Paul Marangelo Splash
Paul Marangelo Paul Marangelo checks out a beaver lodge in Vermont. © Bob Klein

Stories in Vermont

Actual Living Scientists: Paul Marangelo

Meet the people behind the science in Vermont! In this ongoing series, we'll introduce you to the folks that are working hard to advance conservation in the Green Mountain State.

Name: Paul Marangelo

Title (official and unofficial): Senior Conservation Ecologist

Hometown and Years in Vermont: River Vale, NJ – I have been in VT for 14 years, after many years of itinerant living, mostly in the mid-west.

Favorite plant, bird or place in VT: Because too few people speak for invertebrates, I’ll choose the Pink Heelsplitter (Potamilus alatus), which is a freshwater mussel species from the lower Poultney River.

An interesting non-science fact about you: I once aspired to be a rock musician. My last gig and career highlight was being in a band that opened up for The Pixies at CBGB’s in New York City in the 80’s. Playing music is still an important avocation for me.

What type of scientist are you? Generally speaking, I am an applied ecologist, and have worked on both terrestrial and aquatic issues over my career.

How did you get interested in the sciences? While always interested in science-oriented topics, I belatedly realized that my skills and way of thinking were best suited to the role of a scientist. I started to become a scientist in a more formal sense after I figured out that working in this role was best way for me to contribute to work to prevent degradation of the natural world.

What do you hope your Conservancy work will contribute to? In an immediate sense, to research, identify and implement solutions to conservation problems that are both viable and effective. In a broader sense, I hope that this work is in service of creating a comprehensively sustainable trajectory for our society.

Why do you think this is important? The natural world is a part of us as much as we are a part of it. It is the evolutionary crucible that formed human consciousness, yet paradoxically, it is being degraded, perhaps irrevocably, by human activities. I believe that, among other things, we all collectively suffer from this degradation in ways that are not readily apparent to casual observation. Nature, its life-sustaining processes and its treasure of diversity, is the fundamental economy of life on earth.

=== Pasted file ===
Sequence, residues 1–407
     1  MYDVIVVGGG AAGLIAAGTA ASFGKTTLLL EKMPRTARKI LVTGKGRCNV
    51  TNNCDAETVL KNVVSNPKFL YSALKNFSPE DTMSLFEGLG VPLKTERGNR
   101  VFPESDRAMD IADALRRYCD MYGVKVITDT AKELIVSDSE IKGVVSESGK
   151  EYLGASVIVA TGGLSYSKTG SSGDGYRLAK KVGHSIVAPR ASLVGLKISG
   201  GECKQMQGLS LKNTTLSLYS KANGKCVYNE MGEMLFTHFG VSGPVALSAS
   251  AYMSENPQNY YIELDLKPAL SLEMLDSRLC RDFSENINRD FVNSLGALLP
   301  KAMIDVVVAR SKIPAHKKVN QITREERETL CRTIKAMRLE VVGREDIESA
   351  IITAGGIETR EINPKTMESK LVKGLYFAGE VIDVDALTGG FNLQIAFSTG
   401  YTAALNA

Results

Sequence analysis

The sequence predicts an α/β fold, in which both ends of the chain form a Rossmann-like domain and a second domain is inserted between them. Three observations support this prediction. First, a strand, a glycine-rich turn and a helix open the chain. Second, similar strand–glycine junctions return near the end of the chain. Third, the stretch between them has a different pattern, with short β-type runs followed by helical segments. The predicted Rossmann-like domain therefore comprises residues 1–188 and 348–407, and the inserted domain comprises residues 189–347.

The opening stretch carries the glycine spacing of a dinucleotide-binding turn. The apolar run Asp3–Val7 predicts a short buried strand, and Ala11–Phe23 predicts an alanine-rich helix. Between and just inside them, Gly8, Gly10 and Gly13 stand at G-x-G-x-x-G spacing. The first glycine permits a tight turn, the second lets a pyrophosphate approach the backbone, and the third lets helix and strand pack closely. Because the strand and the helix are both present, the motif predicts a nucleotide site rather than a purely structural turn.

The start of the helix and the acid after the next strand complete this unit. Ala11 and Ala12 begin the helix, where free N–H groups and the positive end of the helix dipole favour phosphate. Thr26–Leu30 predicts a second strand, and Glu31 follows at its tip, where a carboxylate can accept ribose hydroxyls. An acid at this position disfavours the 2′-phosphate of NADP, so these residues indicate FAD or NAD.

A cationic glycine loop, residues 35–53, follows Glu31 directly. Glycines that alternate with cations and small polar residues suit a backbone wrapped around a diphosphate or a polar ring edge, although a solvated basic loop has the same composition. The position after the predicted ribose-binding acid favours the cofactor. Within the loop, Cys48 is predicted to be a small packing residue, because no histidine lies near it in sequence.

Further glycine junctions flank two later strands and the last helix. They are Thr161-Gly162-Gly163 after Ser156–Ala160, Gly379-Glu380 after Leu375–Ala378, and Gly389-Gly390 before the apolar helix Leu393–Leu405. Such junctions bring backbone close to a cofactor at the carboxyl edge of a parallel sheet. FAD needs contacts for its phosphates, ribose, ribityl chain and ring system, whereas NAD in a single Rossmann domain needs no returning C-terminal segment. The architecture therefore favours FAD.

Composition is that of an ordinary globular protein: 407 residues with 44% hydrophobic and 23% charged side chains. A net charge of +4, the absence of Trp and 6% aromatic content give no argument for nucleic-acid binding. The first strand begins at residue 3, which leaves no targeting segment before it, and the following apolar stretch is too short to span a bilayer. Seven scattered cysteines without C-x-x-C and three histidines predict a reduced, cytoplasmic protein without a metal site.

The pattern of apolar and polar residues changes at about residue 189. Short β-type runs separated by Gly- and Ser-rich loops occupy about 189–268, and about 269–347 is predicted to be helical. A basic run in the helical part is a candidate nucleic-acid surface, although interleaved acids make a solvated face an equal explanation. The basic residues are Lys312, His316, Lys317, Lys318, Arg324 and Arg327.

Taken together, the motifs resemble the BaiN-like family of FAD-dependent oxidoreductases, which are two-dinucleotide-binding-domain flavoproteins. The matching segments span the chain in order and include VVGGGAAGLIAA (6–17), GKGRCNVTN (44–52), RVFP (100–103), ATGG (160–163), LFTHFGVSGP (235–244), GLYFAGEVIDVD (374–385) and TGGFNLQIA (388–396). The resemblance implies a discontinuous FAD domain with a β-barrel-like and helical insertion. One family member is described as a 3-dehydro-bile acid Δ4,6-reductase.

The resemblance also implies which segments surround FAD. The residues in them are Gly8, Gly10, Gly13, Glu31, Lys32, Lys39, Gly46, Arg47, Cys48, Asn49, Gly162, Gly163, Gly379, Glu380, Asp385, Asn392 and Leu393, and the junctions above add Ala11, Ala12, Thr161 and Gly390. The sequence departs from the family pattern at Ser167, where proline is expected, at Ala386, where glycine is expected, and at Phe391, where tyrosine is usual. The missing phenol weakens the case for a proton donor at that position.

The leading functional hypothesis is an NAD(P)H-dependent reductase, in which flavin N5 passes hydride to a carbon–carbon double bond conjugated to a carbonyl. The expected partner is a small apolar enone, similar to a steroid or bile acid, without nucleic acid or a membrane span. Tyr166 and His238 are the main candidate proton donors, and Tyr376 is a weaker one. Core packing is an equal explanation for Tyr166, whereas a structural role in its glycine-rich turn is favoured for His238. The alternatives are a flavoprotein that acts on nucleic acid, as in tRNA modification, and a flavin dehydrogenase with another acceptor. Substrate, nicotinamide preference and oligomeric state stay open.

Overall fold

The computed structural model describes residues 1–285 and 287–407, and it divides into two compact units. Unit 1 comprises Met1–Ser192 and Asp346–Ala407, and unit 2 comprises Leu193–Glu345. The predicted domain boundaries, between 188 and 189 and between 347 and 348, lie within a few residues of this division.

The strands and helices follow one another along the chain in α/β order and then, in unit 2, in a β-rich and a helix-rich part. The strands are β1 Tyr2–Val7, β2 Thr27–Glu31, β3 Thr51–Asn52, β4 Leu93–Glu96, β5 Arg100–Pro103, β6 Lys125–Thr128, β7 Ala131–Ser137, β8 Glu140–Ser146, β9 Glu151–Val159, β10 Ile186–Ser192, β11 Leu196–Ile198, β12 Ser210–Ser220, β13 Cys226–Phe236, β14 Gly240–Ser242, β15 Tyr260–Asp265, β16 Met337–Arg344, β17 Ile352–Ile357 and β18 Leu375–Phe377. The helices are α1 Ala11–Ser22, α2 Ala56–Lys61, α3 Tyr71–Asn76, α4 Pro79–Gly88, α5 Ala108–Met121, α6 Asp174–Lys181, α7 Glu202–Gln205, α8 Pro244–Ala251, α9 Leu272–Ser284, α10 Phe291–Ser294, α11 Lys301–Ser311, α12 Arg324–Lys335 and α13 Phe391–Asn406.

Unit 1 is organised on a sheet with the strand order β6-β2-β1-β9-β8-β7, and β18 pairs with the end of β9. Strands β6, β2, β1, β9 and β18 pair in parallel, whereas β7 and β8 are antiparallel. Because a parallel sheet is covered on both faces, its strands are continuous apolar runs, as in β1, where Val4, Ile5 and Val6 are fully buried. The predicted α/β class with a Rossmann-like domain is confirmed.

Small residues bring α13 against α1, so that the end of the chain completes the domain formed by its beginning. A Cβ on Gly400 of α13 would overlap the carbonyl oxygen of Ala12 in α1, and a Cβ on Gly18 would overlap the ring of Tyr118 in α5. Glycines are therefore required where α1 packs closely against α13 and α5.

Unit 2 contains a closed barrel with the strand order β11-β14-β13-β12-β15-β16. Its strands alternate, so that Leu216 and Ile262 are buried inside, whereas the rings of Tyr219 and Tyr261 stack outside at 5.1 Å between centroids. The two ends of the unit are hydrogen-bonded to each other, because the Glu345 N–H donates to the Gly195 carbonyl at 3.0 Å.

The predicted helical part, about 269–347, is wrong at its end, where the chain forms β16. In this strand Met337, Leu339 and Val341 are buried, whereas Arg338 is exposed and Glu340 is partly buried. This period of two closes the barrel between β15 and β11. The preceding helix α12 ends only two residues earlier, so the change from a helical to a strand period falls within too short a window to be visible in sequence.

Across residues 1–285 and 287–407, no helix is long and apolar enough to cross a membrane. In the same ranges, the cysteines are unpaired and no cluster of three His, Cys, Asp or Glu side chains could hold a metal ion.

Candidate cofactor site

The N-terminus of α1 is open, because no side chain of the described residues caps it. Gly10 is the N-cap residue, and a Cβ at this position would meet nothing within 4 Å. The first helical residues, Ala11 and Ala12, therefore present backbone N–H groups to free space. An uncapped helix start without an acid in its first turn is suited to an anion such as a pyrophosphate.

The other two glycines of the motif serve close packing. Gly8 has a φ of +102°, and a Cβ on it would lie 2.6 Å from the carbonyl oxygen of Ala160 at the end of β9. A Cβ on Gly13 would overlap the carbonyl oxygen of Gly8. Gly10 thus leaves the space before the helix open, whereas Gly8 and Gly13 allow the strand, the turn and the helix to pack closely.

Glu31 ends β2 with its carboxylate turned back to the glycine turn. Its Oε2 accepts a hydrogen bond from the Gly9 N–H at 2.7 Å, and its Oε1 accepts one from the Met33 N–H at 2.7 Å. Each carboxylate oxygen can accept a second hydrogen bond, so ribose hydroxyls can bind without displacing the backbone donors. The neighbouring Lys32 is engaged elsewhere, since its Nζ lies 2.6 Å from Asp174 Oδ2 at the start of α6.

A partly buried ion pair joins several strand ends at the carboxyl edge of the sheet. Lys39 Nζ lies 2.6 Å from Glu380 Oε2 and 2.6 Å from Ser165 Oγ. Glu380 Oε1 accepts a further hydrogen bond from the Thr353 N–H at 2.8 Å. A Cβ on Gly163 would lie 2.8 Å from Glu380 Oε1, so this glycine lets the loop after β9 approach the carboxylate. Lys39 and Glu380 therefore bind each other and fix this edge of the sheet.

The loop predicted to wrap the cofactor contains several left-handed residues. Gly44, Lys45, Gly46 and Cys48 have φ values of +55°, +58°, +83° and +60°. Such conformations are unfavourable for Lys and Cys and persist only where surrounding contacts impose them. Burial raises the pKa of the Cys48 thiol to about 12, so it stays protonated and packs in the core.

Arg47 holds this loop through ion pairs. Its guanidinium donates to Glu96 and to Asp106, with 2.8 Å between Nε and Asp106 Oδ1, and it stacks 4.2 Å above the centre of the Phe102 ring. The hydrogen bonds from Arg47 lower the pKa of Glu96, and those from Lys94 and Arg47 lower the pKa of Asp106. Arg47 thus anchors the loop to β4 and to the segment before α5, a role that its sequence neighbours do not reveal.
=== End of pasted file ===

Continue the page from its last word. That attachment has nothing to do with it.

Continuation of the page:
What is your favorite part about your work? Being able to work on interesting projects that gets me outside on occasion, projects that frequently requires me to think creatively, and hopefully makes positive contributions to conservation.

Do you have a funny or interesting story from the field? I used to work as a freshwater mussel biologist. Mussel survey work requires mucking around on the bottom of rivers, where you inevitably find all sorts of discarded junk. Waterlogged dolls dredged from river bottom mud have been resurrected to become totemic dashboard-residing field protector goddesses. I found a gold ring under a rock once in a river while surveying for mussels (for Lord of the Ring fans, no it was not the “one ring”).

What would you want a young student to know about choosing a science career path? I can think of a number of things: That while crucially important, science also has its limitations. At its center, it is a probability-based method of testing and investigation that is by design, supposed to be objective. Yet if you study psychology (my undergraduate major), you learn that objectivity is not inherently a part of human nature. In addition to science-related education and training, I’d encourage students to develop as broad a disciplinary background as possible. Beneficial applications of science require as complete an understanding of larger contexts as possible (anthropological, economic, sociological, etc). Also, most of the science that we use to inform our work is, by necessity, reductionist, while the natural world and the human systems that we build upon it are highly complex systems – this often creates not a small amount of uncertainty when we apply science to solve problems. Science is a necessary but alone insufficient part of addressing the world’s problems, which is important to be conscious of because “science always solves problems” and “science underpins prosperity” are dominant cultural narratives.

Who is an inspiration to you? Scientists who strive to synthesize information from a broad array of disciplines to gain otherwise hard-to-see insights. For example, I’ve always got a lot out of reading the works of Jared Diamond. I also admire scientists who are compelled by the implications of their research to step beyond the comfortable confines of carefully parsed scientific language and probability-based recommendations into more uncomfortable and messy realms (such as advocacy and exploring the spiritual implications of their work). James Hanson is a good example of this. And in another way, so is EO Wilson.

How do the sciences feature in your personal life? Probably in ways that are deeper than I’m aware of, since I’ve been working in the capacity for many years. If you systematically observe the world to gather information, draw conclusions from what you observe and rigorously test/question derived conclusions with additional observations, you are in a way a scientist – I’ve been reflexively doing this informally as long as I remember. I’ve always felt compelled to clearly understand how the world works in the sense of all its systems (both human and natural), and act in accord with these understandings.